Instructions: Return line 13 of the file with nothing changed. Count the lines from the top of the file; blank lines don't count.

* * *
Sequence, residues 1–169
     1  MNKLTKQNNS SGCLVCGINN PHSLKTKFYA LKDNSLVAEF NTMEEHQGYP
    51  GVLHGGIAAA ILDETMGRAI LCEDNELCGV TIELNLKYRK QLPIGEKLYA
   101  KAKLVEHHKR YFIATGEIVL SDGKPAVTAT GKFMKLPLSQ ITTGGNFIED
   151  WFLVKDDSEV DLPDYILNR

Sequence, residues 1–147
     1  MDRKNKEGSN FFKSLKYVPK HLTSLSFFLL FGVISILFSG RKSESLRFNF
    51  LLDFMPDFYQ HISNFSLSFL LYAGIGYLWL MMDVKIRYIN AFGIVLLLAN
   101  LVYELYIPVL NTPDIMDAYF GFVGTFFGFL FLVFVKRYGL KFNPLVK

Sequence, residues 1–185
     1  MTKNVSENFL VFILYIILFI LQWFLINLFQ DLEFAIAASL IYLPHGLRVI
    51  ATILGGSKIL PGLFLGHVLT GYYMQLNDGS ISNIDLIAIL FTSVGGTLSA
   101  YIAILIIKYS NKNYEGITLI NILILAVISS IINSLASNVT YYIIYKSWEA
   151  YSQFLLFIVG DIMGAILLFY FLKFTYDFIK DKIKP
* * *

   101  YIAILIIKYS NKNYEGITLI NILILAVISS IINSLASNVT YYIIYKSWEA